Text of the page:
A dog’s sense of smell—more than 10,000 times more sensitive than that of our own—has been exploited by humans for centuries. Whether it is finding hikers and skiers buried by avalanches in the Alps, or helping sniff out contraband drugs, the olfactory talents of man’s best friend are well known.
More recently, dogs have been recognized for being able to smell diseases such as diabetes and a range of cancers. Now, researchers led by Thomas Quinn, D.O., professor at Lake Erie College of Osteopathic Medicine have published data detailing the ability of three beagles to sniff out lung cancer with 97% percent accuracy.
“We’re using the dogs to sort through the layers of scent until we identify the tell-tale biomarkers,” said Quinn in a press release. “There is still a great deal of work ahead, but we’re making good progress.”
The results of the double-blind study were published in the July edition of The Journal of the American Osteopathic Associationand provide hope that dogs can help identify cancer specific biomarkers that can aid in the development of an inexpensive and effective tool for cancer screening.
The pups used in the study—all beagles— were trained for eight weeks and then selected for their olfactory acumen. For the study, the dogs were led into a room with blood serum samples at nose level. Some samples came from patients with non-small cell lung cancer while others were drawn from healthy controls. After thoroughly sniffing a sample, the dogs sat down to indicate a positive finding for cancer or moved on if none was detected. The dogs detected the blood samples from patients with lung cancer with 97% accuracy.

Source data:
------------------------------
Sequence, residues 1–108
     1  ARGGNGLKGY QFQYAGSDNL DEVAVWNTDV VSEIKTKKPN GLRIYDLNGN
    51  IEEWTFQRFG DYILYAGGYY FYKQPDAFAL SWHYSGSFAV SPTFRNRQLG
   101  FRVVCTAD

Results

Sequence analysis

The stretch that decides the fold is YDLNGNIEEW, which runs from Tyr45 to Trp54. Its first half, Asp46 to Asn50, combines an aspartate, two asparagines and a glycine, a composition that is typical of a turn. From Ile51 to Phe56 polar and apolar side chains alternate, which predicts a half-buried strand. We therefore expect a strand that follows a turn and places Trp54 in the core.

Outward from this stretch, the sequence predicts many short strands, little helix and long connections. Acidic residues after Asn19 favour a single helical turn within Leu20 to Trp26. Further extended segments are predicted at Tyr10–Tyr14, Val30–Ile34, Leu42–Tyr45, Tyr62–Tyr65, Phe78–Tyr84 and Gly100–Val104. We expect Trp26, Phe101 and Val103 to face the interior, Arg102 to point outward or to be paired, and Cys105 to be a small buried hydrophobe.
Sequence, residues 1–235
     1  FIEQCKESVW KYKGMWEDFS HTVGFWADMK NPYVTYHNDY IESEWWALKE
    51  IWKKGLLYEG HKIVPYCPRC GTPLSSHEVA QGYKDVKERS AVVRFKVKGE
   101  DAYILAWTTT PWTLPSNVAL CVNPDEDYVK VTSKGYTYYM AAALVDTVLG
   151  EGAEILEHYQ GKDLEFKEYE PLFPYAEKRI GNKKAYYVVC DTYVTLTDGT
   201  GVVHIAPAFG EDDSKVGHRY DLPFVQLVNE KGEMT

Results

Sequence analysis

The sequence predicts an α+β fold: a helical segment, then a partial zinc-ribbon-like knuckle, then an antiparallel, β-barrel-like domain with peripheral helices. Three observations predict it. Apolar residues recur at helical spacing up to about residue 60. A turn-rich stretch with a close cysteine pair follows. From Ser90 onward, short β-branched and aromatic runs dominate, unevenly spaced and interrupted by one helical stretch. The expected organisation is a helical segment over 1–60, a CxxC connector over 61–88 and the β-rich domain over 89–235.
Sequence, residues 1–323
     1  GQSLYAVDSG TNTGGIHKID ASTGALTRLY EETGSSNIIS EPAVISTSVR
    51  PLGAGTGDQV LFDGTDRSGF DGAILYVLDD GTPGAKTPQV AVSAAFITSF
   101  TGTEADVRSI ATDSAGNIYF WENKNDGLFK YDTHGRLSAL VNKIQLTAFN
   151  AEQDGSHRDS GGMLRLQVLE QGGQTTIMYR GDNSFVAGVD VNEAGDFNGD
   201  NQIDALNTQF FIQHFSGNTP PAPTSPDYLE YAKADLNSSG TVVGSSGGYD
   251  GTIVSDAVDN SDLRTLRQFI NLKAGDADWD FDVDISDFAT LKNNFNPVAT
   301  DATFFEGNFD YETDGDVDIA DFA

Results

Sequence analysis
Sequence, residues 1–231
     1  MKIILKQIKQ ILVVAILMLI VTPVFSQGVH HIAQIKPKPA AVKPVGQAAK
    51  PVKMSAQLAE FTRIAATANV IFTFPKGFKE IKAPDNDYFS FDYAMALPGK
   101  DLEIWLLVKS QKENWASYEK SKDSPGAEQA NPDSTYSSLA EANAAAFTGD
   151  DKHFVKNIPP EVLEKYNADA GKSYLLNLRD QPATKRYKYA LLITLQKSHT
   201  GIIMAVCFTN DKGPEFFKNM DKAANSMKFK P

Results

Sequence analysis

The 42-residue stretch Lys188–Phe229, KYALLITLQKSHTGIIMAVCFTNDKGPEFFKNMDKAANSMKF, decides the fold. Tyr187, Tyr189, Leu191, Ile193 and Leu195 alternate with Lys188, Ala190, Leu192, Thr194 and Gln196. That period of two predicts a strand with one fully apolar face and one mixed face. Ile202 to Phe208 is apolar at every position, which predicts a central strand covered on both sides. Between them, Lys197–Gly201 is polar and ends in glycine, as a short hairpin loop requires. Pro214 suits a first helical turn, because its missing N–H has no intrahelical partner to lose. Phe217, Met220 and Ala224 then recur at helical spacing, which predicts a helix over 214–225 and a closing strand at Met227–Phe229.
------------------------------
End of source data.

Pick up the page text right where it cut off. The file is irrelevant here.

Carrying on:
Quinn and his team are now involved in a broader study that also includes breast and colorectal cancer. In this study the researchers are capturing the breath of study participants in a face mask for the dogs to sniff. Early results indicate the dogs are as effective detecting cancer from the smell of a person’s breath as they from the smell of their blood.
Further studies are planned to fractionate the samples based on their chemical and physical properties to have the dogs sniff and to continue the process until specific biomarkers have been identified. The ultimate goal, the team said, is to develop and over-the-counter cancer screening test.
The hope is that an easy, early screening test will identify cancer much earlier and improve patient survival rates. The five-year survival rate for stage IA non–small cell lung cancer (NSCLC) is 92%. That drops to 13% in stage IIIC NSCLC, and after metastasis, the five-year survival rates range from 10% to less than 1%, depending on the stage.